Refugee Council of Australia
Parliament House, Canberra
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Contacting politicians

Letter guide

Your letters are very important to help achieve humane refugee policy reform. Not only do they provide a mandate for organizations and sympathetic politicians to take action, they also require all politicians to go on the record with their actions, or inactions.

Although the main responsibility for this issue lies with the Prime Minister, Immigration Minister and Attorney General, key policies are debated and decided in the party-room and cabinet. This is an often-wasted opportunity for all politicians to raise objections and possibly negotiate changes to bad policy. In order for new laws to come into effect each MP and Senator is required to vote on the issue in the House of Representatives or the Senate, meaning that all federal politicians are responsible for a law or regulation unless they actively oppose it.

Many of our federal politicians do not know the facts about Australia’s refugee policy, or have deliberately remained ignorant so they are not forced to confront the moral issues raised, particularly their own part in them as Australia’s lawmakers.

One way to ensure that they do confront the issues is to write to them, asking very simple, focused questions and then pressing for an answer. Pressing for a timely answer is crucial. They will not want to answer: rather, they will respond with bureaucratic fog in the hope that you will go away. However, it is important that you persist.

  • Keep your letter short by raising only one or two key issues.
  • Ask a question on those issues that require a personal response.
  • Do not make speeches or offer opinions.
  • If you are emailing your letter, write it in a word program and attach it as a document to the email rather than place it in the body of the email. Many electorate offices do not reply to emails as they are often not considered official communications.

Most politicians will evade a direct answer to your questions by telling you they have forwarded your letter to the Minister or Shadow Minister. Make sure you ask them to respond to the questions as your local representative.

You are likely to get a wordy or evasive answer. Read it carefully. If it does not actually answer your question, write again pointing out politely that they have not answered the question. Repeat the question and ask for an answer. Repeat this process as often as necessary.

If you get an answer, write asking another question and repeat the above process.

Remain polite and keep letters brief. This makes evasions all the more evident. Remember, repeated refusal to answer a simple question carries its own story. Write often enough to get you through the list of questions.

Sample questions on prinicples

You can pick one or more of these questions to ask in the following way:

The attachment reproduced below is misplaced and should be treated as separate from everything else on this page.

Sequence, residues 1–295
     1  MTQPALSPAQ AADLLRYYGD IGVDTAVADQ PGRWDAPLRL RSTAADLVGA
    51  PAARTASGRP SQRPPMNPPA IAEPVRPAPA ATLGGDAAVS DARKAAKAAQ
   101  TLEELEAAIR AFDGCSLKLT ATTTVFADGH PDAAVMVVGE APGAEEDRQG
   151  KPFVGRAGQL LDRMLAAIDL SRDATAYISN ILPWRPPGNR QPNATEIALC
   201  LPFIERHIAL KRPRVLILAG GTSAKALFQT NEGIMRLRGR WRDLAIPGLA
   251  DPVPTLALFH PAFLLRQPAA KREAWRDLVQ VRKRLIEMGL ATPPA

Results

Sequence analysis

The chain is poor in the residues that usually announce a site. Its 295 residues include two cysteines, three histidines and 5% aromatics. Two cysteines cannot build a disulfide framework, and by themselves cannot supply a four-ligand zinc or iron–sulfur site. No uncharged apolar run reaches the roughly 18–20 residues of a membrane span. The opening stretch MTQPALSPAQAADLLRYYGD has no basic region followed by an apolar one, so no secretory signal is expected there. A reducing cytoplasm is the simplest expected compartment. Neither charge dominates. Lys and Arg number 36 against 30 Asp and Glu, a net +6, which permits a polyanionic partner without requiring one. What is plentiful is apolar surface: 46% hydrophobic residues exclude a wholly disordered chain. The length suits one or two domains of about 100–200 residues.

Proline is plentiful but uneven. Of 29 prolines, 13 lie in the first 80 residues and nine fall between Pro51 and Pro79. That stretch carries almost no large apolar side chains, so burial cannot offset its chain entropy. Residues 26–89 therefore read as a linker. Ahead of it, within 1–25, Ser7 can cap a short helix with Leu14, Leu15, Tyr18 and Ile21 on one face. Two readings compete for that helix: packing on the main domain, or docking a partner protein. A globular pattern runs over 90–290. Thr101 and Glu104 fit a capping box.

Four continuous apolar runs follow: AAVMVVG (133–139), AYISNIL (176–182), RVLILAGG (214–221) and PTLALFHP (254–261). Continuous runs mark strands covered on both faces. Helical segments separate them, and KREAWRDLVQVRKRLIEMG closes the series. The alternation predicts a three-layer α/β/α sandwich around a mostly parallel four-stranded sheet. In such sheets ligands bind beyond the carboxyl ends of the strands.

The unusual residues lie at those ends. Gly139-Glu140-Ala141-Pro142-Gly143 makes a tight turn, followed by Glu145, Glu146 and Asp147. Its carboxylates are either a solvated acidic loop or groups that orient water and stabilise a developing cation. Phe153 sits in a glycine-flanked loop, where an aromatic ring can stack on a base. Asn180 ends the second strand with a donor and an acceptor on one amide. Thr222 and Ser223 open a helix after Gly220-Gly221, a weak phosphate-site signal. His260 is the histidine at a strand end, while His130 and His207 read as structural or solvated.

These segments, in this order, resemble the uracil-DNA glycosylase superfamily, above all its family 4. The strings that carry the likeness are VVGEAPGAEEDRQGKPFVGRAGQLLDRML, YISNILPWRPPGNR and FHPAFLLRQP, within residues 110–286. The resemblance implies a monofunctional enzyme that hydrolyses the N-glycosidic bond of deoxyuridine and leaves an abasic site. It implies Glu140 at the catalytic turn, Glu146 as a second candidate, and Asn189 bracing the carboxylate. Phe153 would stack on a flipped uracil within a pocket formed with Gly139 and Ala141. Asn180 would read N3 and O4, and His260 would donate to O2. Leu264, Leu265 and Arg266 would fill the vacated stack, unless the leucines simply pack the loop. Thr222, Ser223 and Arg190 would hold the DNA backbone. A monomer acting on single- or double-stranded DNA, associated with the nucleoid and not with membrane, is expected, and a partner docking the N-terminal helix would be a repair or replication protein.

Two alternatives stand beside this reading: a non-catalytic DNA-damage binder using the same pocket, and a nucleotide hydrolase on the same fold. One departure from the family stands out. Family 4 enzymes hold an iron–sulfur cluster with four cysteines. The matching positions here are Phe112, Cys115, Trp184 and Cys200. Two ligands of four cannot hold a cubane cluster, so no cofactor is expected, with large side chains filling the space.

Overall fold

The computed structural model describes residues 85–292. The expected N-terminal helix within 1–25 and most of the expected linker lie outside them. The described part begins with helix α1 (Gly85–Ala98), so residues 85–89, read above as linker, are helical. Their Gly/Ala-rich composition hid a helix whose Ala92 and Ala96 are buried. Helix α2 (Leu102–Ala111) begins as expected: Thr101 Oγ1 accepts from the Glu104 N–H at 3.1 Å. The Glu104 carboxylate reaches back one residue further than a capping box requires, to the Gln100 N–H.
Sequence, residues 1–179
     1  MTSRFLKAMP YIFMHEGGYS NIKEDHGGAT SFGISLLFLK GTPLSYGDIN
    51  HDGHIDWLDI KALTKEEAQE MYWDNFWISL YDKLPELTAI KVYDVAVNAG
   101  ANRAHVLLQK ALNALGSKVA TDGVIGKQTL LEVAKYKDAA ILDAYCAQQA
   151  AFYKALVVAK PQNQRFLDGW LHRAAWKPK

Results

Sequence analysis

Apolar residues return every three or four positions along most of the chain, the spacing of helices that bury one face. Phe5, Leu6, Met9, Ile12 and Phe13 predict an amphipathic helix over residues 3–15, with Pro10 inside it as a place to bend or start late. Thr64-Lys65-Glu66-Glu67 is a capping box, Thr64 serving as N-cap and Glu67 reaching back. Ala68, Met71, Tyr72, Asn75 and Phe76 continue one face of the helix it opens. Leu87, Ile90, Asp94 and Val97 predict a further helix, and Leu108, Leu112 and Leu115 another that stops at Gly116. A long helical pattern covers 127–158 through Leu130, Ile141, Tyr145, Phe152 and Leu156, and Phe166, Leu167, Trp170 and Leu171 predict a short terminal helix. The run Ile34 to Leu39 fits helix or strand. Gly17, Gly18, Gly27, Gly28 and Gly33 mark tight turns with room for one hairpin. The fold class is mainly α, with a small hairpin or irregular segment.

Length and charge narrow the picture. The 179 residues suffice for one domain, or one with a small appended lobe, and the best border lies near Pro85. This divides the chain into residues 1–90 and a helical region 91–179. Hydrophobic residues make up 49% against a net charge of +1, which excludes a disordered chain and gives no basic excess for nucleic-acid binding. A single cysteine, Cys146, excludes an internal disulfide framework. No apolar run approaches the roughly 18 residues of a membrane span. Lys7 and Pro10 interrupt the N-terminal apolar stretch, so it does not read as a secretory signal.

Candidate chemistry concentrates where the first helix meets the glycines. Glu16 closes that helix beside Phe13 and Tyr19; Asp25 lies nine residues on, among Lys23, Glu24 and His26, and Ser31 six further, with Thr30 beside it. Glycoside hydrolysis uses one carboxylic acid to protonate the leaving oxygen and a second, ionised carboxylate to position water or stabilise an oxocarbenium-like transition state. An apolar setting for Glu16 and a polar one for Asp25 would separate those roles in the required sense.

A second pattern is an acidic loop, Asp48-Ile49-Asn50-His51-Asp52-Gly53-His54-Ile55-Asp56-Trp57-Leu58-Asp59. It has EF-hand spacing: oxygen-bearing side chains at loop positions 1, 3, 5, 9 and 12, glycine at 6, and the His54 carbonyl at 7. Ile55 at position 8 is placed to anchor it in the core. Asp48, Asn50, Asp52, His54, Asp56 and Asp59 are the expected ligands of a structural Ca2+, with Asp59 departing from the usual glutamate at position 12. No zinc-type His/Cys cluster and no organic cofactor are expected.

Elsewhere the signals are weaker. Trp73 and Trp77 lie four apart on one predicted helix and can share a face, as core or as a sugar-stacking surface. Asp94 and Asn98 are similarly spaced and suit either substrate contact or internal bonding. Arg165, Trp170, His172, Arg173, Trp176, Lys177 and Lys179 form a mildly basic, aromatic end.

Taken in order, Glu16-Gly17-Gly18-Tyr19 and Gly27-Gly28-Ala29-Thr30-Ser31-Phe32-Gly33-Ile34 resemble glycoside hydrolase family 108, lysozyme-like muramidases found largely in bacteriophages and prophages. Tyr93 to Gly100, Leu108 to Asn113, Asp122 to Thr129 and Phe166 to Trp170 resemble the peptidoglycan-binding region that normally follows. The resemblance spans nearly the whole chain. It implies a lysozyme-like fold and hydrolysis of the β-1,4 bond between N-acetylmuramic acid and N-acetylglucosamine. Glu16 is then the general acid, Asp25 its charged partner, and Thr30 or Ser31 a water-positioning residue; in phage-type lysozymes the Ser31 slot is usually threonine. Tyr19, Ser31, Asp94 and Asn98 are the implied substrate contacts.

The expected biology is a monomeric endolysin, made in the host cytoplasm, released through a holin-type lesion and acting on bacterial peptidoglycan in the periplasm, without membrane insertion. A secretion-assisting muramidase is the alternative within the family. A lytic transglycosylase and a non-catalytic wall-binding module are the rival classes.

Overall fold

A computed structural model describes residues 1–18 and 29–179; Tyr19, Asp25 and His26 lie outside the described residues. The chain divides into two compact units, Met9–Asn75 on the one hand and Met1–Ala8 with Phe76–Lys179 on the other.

As the elected representative in my electorate of XX, I would like to know your position in the following matter:

  • Do you agree that children should not be detained?
  • Do you consider that people who arrive in Australia informally and seek asylum should be called ‘illegals’?
  • Do you believe that people commit an offence by arriving in Australia without permission and seeking asylum? If Yes, what offence do they commit?
  • Do you believe that Australia should accord to refugees and people seeking asylum all their rights and entitlements under relevant international laws? Are you aware that current laws and policies break some of these entitlements?
  • Do you agree that no refugee or asylum seeker should be subjected to any human rights violation in order to deter others from seeking asylum in Australia? Are you aware that policies such as excision deny people seeking asylum human rights outlined in international law?
  • Do you agree that refugees and people seeking asylum who pose no security or absconding threat should not be detained?
  • Do you agree that refugees and people seeking asylum should not be detained indefinitely?
  • Do you agree that all refugees should be treated equally regardless of how they arrived in Australia, particularly with no discrimination made between unauthorized boat arrivals and unauthorized plane arrivals?
  • Do you agree that failed people seeking asylum should only be returned in safety and dignity, and never to a place of danger? Do you agree that where there is credible evidence this does not occur, Australia has a responsibility to investigate our methods and locations of deportation?
  • Do you believe courts should be prevented from overturning incorrect, unfair or unlawful decisions of the Department of Immigration and the Refugee Review Tribunal?

Sample questions on personal actions

What steps do or will you take as my [local representative, senator, country’s Prime Minister, country’s Immigration Minister] to ensure Australia’s refugee and asylum seeker policies adhere to our legal responsibilities under conventions to which Australia is a signatory, and to our moral responsibilities as a developed nation?

What steps do or will you take to ensure that you have accurate and truthful information to evaluate asylum seeker laws you are required to vote on as my [local representative, senator, country’s Prime Minister, country’s Immigration Minister]?


The Parliament of Australia maintains contact lists for members and Senators.

You can write to one or other of: your local member, relevant Ministers, the Prime Minister, other party leaders. If you write to more than one, compare the answers. If there are discrepancies or you are not satisfied write a letter to your local paper and/or let your friends and colleagues know.

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